Somnambule - Writing About Music

Satoko Fujii Quartet ~ Minerva

Tatsu Take begins vigorously with chords fired at high velocity, each instrument acting as if on a hair trigger. Natsuki Tamura’s trumpet initially leads like a high-octane Pied Piper. Partway in, Satoko Fujii’s piano takes over in exploratory mode, feeling out the ground as if for mines or booby traps before racing ahead, competing with bass and drums in hectic dashes for safer ground. Such analogies seem appropriate: Minerva was the Roman goddess of the art of war, born fully armed.

Warp switches tempo and begins with Yoshida’s voice filtered through something like a ring modulator; this is succeeded by Natsuki’s gentle trumpet sending sheets of notes echoing down caverns. Just as you might begin to feel lulled and rejuvenated, the quartet suddenly jumps on you like a mugger – swirling and circling in vortex-like mode and continues that way for the remaining nine minutes. Fujii’s piano sounds on the verge of cataclysm, dense note clusters spat out like glass shards threatening to rip apart Tamura’s trumpet, while Hayakawa’s electric bass spells out insistent figures before slowly becoming infected by the mayhem developing overhead. High-intensity, high-density.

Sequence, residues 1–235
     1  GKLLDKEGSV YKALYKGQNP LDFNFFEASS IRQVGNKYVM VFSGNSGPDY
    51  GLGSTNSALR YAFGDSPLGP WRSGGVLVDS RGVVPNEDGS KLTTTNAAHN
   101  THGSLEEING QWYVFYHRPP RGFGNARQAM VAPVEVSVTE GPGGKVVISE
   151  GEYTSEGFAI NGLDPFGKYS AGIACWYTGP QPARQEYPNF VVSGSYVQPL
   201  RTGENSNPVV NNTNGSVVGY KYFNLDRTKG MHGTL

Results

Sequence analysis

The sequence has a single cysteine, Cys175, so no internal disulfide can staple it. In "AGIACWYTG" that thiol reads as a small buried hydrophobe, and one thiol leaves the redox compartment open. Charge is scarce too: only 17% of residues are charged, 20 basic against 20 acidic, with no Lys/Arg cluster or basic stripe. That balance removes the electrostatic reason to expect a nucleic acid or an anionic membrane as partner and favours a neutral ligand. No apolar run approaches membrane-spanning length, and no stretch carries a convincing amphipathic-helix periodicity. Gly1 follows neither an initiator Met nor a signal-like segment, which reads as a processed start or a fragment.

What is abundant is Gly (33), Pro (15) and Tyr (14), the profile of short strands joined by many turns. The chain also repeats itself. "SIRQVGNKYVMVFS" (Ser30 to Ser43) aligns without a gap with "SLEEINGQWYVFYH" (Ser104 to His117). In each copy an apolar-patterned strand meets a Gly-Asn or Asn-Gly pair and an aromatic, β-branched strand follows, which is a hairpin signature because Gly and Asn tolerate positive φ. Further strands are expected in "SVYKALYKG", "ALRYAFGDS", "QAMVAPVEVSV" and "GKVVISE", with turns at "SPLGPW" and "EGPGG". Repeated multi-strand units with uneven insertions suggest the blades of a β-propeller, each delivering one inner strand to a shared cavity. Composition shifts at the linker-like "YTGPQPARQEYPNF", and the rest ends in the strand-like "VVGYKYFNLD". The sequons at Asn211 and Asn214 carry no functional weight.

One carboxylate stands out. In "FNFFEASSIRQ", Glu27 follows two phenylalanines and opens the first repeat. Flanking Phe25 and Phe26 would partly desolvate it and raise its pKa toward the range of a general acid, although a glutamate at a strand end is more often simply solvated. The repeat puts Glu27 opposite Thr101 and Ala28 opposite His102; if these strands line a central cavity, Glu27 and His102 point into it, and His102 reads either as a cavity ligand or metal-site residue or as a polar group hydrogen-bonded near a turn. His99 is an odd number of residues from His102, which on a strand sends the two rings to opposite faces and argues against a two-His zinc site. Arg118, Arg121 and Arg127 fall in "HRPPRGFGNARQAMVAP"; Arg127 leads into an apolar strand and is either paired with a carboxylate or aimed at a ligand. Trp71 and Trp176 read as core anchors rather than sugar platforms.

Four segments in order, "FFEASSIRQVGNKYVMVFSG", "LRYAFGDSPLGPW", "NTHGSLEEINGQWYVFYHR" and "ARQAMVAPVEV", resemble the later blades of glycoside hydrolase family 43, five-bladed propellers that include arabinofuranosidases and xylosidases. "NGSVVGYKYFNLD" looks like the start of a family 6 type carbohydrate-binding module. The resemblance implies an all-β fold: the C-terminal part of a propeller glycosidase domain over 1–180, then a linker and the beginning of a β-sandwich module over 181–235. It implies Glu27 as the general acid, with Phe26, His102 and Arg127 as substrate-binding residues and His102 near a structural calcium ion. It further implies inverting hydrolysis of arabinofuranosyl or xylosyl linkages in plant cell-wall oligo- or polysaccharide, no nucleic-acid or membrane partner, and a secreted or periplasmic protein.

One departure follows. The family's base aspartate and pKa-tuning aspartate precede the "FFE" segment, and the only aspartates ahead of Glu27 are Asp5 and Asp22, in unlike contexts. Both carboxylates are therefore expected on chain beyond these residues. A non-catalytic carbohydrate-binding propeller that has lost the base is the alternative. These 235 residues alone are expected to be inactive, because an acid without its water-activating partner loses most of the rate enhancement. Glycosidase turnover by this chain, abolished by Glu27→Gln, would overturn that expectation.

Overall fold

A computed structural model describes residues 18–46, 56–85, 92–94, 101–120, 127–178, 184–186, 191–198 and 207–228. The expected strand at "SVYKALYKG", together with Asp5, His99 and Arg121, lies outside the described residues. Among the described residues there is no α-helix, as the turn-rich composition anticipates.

Satoko Fujii (piano) and husband Natsuki Tamura (trumpet) divide their time between Tokyo and NYC where they play and record with various members of the downtown crew; they are joined on this recording by Takeharu Hayakawa on bass and Tatsuya Yoshida (of Ruins fame) on drums/voice.

How to describe this music? Nearest I can get is a form of vigorous prog-jazz. Yoshida’s wonderful percussion work proffers driving rhythms, skittering cymbals and much intricate detail; Hayakawa’s electric bass is often hyperactive and to the fore; Tamura deploys a wide range of trumpet styles from the breathy to the brassy. Fujii’s playing, in fact that of the whole quartet is full of dramatic flourishes, angular changes, stops, starts and surges.

If the initial impression this music makes is a little intimidating, ultimately its effect is that of invigoration, engagement, stimulation. Not for the faint hearted, nor those of a nervous disposition – if you’ve just had a heavy night think twice, but if you’re in the mood for demanding, fiery, vigorous jazz laced with traces of rock – seek out this music.
Colin Buttimer
May 2003
Published by the BBC